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 Table of Contents  
Year : 2022  |  Volume : 2  |  Issue : 2  |  Page : 540-542

Sino-orbital gas gangrene – A guest unknown

Department of Ophthalmology, Grant Government Medical College and Sir JJ Group of Hospitals, Mumbai, Maharashtra, India

Date of Submission27-Sep-2021
Date of Acceptance10-Jan-2022
Date of Web Publication13-Apr-2022

Correspondence Address:
Sumeet Lahane
JJ Hospital, Byculla, Mumbai 400 008, Maharashtra
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Source of Support: None, Conflict of Interest: None

DOI: 10.4103/ijo.IJO_2514_21

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Orbital cellulitis is a dreaded entity that can lead to an array of complications from visual loss to cavernous sinus involvement. Paranasal sinus (PNS) infection and trauma are the most common etiology. We report a case series of three patients who were victims of landslide and developed orbital cellulitis. Facial edema, proptosis, central retinal artery occlusion and hyperdense foci in the orbit, and PNS with proven growth of Clostridium perfringes were the common features in all these patients. Natural calamity leading to this fulminant infection led to mortality of all three patients. This is the first case series of sino-orbital gas gangrene in victims of heavy rainfall causing landslide.

Keywords: Case Series, central retinal artery occlusion, Clostridium perfringes, orbital gas gangrene

How to cite this article:
Lahane S, Gujar T, Vaishya A, Prajapati D, Dembla S, Parekh R, Lahane T. Sino-orbital gas gangrene – A guest unknown. Indian J Ophthalmol Case Rep 2022;2:540-2

How to cite this URL:
Lahane S, Gujar T, Vaishya A, Prajapati D, Dembla S, Parekh R, Lahane T. Sino-orbital gas gangrene – A guest unknown. Indian J Ophthalmol Case Rep [serial online] 2022 [cited 2022 May 24];2:540-2. Available from: https://www.ijoreports.in/text.asp?2022/2/2/540/342959

Clostridium perfringes gas gangrene is a dreaded infection that is usually seen in deep contaminated wounds. It is a gram-positive organism, which is an obligate anaerobe found in soil and bowel flora. It may result in death due to the effects of potent exotoxins like lecithinase, phospholipase, neuraminidase, collagenase, and DNAase.[1] It is a highly lethal infection of bone and soft tissue and is synonymous with myonecrosis, characterized by rapidly progressive gangrene of the injured tissue along with the production of foul-smelling gas and characteristic crepitus.[2]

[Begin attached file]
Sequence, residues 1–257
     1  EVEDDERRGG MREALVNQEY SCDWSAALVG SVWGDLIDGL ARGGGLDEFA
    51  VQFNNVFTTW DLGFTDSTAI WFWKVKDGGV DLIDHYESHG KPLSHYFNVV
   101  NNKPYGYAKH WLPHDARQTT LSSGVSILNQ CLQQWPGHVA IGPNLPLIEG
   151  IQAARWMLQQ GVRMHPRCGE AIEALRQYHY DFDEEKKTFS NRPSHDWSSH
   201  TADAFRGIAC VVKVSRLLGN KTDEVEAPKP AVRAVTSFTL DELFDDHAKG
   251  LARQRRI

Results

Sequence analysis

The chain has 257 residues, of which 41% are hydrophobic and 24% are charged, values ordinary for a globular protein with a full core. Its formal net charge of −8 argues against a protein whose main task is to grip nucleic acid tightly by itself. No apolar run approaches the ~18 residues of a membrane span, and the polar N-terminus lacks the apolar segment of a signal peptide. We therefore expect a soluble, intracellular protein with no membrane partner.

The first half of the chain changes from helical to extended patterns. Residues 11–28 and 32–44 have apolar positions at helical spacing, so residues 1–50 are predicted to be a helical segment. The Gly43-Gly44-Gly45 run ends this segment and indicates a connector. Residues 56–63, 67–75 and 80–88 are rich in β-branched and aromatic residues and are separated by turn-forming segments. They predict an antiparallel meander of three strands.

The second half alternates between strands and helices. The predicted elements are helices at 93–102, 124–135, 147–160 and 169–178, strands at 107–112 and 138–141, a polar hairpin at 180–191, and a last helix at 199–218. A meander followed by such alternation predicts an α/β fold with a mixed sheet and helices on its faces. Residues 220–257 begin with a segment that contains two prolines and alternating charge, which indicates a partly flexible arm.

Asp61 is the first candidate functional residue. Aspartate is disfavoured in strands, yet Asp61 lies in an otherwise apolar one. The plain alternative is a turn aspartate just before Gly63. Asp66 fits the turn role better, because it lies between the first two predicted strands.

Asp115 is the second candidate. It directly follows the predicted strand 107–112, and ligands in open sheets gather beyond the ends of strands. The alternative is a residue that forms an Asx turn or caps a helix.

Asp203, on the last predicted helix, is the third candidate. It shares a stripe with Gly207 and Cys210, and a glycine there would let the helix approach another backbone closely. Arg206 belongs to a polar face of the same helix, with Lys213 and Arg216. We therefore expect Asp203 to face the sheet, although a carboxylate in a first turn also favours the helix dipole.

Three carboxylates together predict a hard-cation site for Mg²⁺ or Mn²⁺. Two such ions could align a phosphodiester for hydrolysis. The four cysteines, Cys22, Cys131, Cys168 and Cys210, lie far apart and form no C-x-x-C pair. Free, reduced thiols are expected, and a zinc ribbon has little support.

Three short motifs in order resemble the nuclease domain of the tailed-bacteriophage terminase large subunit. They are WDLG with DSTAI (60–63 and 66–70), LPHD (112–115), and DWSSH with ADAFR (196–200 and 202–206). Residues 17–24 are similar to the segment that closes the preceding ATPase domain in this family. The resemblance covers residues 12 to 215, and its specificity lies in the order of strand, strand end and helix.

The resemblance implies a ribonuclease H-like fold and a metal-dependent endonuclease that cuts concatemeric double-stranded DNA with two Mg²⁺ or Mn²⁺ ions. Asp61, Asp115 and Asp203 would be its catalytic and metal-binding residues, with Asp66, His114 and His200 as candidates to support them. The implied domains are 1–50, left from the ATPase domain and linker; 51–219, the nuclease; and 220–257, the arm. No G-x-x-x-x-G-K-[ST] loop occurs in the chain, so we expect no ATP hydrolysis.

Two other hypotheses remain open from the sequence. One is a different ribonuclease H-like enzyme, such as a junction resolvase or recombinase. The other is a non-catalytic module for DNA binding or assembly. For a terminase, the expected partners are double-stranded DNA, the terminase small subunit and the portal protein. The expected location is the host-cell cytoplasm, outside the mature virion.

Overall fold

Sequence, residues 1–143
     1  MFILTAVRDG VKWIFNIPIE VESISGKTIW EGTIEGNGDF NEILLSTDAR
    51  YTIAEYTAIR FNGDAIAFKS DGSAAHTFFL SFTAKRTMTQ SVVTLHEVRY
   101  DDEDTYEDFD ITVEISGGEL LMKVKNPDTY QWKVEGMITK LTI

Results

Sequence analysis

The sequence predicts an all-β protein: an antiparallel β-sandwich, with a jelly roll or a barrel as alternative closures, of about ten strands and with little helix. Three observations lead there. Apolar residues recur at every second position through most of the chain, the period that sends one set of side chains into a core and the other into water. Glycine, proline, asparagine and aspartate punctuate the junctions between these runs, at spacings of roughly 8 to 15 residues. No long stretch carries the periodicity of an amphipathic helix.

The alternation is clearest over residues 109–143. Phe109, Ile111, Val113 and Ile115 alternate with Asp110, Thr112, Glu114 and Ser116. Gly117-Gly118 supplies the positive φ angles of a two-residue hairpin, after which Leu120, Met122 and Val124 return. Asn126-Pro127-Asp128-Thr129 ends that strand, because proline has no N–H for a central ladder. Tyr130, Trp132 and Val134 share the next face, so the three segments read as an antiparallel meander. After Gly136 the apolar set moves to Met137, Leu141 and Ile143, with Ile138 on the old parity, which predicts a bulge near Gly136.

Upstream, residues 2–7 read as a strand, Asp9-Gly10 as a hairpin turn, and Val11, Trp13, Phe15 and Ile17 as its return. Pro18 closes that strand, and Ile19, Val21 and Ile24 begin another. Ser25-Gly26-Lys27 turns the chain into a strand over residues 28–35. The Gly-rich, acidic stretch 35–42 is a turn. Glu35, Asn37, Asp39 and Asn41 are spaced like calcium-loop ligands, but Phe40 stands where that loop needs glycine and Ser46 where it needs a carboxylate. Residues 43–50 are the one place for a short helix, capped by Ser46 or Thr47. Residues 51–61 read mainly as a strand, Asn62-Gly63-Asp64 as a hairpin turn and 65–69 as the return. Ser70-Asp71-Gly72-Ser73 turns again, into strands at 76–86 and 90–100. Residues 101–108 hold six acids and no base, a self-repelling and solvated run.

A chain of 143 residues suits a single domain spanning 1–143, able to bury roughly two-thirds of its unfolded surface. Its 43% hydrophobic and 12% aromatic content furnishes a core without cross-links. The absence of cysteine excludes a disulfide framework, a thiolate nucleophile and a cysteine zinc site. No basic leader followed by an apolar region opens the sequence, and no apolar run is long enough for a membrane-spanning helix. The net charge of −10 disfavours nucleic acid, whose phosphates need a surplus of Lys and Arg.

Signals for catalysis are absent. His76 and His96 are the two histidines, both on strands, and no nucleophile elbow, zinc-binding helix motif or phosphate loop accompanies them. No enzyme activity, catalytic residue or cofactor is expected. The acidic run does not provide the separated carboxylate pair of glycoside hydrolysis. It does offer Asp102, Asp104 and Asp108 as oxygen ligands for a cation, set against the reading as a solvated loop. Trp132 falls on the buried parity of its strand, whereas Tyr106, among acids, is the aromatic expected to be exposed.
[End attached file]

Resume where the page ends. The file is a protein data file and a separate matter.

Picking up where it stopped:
Orbital infection due to clostridia is scarcely reported. Single case reports of C. perfringes endophthalmitis, panophthalmitis, and orbital involvement post-trauma have been documented. Our encounter with these three patients of gas gangrene victims of landslide injury showed the fulminant course of infection which caused rapid loss of vision and eventually led to death despite all measures taken to contain the infection.

  Case Reports Top

A 25-year-old male (Case 1) and a 41-year-old female (Case 2) and her 21-year-old daughter (Case 3) were brought to casualty along with 16 patients as victims of landslide due to heavy rains.

Case 1

A 25-year-old male presented with bilateral lower limb multiple exposed fractures with foul-smelling pus discharge and subcutaneous crepitus suggestive of gas gangrene, for which he underwent bilateral lower limb above-knee amputation. He was started on benzylpenicillin G, clindamycin, and amikacin and confirmed on culture with microbiology as gram-positive anaerobic bacilli suggestive of Clostridium species. There was no evidence of fungal growth in culture. He was referred for ophthalmic opinion on postoperative day 4 with complaints of facial edema and difficulty in eye opening. On examination, he had no perception of light in the left eye (LE) with proptosis, chemosis, total ophthalmoplegia, semi-dilated pupil with central retinal artery occlusion (CRAO) and normal right eye (RE) [Figure 1]a. There was no obvious crepitus felt on palpation. There was no facial wound noted from the primary injury. Computed tomography (CT) scan of brain, orbit, and paranasal sinus (PNS) was normal on day 1 of hospital admission [Figure 1]b. Repeat CT on day 5 showed dramatic changes as air fluid levels in maxilla, calcific foci (600–800 HU) in sinuses, and near-complete opacification of sphenoid sinus with adjacent bony walls suggestive of demineralization. Extraconal fat stranding along with air foci suggestive of orbital cellulitis and pneumo-orbit was also seen [Figure 1]c. He underwent immediate debridement of PNS, which confirmed Clostridium infection of sino-orbital region. Despite aggressive management, he succumbed to septicemia and multiorgan involvement.
Figure 1: (a) Clinical picture of patient Case 1 showing facial edema with LE orbital cellulitis, severe chemosis, ecchymosis, and dilated pupil. (b) Day of admission CT scan of same patient, which is within normal limits. (c) CT of same patient on day 5 showing heterogenous dense opacification of bilateral maxillary sinus and pneumo orbit. CT = computed tomography, LE = left eye

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Case 2

A 41-year-old female presented with fracture of right lower and left upper limb, for which she underwent primary repair. On postoperative day 4, ophthalmic reference was done in view of facial and orbital edema. She had no perception of light in LE with orbital cellulitis and complete ophthalmoplegia [Figure 2]a. CRAO was noted on fundus examination of LE, while RE was normal. Her CT scan features were on similar lines as case 1, as she had normal brain–orbit CT scan on day 1 of admission and day 5 CT, suggestive of bilateral maxillary sinus and LE orbital involvement [Figure 2]b, [Figure 2]c. She underwent sinus debridement and intensive care admission. In contrary to case 1, she initially was not diagnosed as a case of gas gangrene and received benzylpenicillin infusion systemically after confirmation of gram-positive bacilli post sinus surgery. Sequalae of rapid development of gangrene and septicemia led to her death.
Figure 2: (a) Clinical picture of patient Case 2 showing LE orbital cellulitis and complete ophthalmoplegia. (b) Day of admission CT scan of the same patient, which is within normal limits. (c) CT of the same patient on day 5 showing heterogenous dense opacification of left maxillary sinus. CT = computed tomography, LE = left eye

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Case 3